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5 Smart Strategies to Save Money, Reduce Waste

By Marie Oser, Managing Editor
July 20, 2009
File under: Saving money, Waste Reduction


Consider Packaging for Savings at Landfill and Check Out Register

One dollar of every ten-dollar purchase goes to the cost of packaging, and package waste accounts for more than half the trash in the U.S. These days, clever packaging can influence a purchasing decision and can be an important component in building brand recognition.

The purpose of packaging is to prevent damage and provide important information to the consumer about ingredients, usage, manufacturer and country of origin. Unfortunately, the ongoing quest to find new ways to safeguard food and transport products has become a slippery slope on the road to overload.

Smart shoppers know that packaging can add as much as 45 percent to the cost of a product. Shrink-wrapped, pre-cut produce on a plastic tray is twice as costly. Choosing popular prepackaged salad mixes can take a bite out of your food budget while adding to the avalanche of unnecessary package waste clogging our landfills.

Savvy shoppers choose the least packaged products available; a strategy that is both cost effective and practical.


1) Avoid trendy little water bottles.
Those ubiquitous water bottles contribute heavily to the glut of practically indestructible plastic polluting the planet. Invest in a water filtration system and durable metal type sports bottles instead.

2) Buy food staples in bulk. Natural food stores and coops stock bulk bins with varieties of rice, lentils, dried beans, fruit, nuts, seeds, and cereals. Buying in bulk is economical and convenient, allowing you to buy in exactly the amount you prefer.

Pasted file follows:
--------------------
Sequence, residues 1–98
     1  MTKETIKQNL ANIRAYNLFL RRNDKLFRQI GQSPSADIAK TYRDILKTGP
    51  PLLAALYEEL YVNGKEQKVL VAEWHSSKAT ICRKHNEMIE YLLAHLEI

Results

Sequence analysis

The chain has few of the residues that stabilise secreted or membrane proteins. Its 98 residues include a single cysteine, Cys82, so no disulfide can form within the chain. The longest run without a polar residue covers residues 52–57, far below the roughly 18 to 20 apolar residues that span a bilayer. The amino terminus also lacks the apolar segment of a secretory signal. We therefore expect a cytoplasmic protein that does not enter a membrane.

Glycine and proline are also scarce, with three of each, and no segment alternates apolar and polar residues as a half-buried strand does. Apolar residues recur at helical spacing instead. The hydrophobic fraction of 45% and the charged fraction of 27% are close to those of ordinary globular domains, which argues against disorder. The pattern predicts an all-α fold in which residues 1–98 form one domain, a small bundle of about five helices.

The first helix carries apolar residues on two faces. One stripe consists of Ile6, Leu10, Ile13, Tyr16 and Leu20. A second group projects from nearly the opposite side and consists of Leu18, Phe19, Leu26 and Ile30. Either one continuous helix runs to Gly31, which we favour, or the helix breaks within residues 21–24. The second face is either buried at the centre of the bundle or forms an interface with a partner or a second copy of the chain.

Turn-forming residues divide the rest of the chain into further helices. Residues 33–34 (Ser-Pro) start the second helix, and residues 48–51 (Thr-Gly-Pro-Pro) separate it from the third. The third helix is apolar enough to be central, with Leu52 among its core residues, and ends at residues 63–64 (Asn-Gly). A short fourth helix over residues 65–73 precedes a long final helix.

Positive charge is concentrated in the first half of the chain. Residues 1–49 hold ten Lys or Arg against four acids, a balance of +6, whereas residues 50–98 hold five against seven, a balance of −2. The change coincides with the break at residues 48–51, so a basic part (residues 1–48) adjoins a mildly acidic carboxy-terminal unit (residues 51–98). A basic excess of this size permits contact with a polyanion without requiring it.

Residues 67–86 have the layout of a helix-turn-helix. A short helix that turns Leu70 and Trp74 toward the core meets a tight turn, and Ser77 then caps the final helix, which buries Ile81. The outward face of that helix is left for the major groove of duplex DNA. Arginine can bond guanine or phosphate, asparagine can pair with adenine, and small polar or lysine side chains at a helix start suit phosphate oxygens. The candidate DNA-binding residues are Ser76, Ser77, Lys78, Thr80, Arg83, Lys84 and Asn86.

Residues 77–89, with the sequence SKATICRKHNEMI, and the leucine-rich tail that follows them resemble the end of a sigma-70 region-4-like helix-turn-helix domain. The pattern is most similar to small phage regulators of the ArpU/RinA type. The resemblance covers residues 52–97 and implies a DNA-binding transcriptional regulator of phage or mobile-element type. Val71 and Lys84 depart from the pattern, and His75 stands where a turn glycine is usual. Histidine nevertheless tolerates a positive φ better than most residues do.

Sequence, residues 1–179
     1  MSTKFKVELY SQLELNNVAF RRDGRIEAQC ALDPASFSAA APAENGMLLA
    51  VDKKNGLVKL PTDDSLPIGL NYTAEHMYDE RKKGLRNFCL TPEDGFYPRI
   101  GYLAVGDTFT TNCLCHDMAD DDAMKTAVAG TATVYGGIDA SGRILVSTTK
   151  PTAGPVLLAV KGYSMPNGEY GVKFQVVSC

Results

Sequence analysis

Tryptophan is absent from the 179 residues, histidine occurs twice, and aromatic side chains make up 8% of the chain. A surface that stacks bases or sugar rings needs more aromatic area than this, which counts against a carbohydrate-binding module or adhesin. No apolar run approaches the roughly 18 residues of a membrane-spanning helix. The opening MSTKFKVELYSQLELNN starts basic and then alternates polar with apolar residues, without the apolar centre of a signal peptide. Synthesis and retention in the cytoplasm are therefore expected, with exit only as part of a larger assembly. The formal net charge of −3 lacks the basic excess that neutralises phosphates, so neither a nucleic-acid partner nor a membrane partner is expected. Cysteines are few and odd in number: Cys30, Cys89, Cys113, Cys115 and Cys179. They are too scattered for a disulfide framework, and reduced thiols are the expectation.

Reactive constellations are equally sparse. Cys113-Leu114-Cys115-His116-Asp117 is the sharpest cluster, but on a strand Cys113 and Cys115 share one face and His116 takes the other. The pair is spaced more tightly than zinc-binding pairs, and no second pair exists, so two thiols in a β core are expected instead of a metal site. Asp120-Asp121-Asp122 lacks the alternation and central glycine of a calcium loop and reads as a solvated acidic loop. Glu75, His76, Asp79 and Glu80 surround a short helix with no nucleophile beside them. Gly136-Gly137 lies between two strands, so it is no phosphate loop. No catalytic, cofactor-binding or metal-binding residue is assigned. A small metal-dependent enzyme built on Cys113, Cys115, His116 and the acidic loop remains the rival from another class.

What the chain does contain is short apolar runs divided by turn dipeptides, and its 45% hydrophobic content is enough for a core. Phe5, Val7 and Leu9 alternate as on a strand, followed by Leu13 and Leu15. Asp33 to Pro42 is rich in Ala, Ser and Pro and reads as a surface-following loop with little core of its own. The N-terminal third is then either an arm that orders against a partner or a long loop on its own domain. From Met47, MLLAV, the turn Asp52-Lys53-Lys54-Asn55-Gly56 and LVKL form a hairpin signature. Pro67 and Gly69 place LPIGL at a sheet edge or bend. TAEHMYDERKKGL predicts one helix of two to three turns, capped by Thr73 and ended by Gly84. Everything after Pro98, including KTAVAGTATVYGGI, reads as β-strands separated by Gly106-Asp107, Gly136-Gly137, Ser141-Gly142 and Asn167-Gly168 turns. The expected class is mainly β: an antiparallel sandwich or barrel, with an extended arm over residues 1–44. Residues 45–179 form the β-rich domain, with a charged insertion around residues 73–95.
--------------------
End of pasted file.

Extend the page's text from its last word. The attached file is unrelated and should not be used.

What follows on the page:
3) Buy fabric softener and detergent and in “ultra” or concentrated strengths. Smaller containers mean fewer for the product itself and in shipping. Toothpaste packaged in conventional tubes produces 70 percent less waste than the pump-type toothpaste container. And you get almost two ounces more toothpaste in the tube then the pump.


4) Choose reusable totes to carry groceries instead of paper or plastic, to reduce waste and the toxic pollutants emitted in the manufacture of plastic bags, save trees, and avoid dependence on foreign suppliers of petroleum.

5) Breastfeed your babies! Mother’s milk comes in the best packaging of all and human milk straight from the breast is always sterile.

Breast-fed babies are less prone to childhood ailments, and don’t require all the unnecessary packaging and accessories associated with bottle-fed babies (click here to learn more). Commercial baby formula costs over $1,000 in the first year. Nurse your baby and you will be giving away at least 1,100 calories a day, and that means you will get back in shape a lot sooner… and it’s free! Click here for some tips on effective breastfeeding.

Click here to learn more about your Carbon Footprint.

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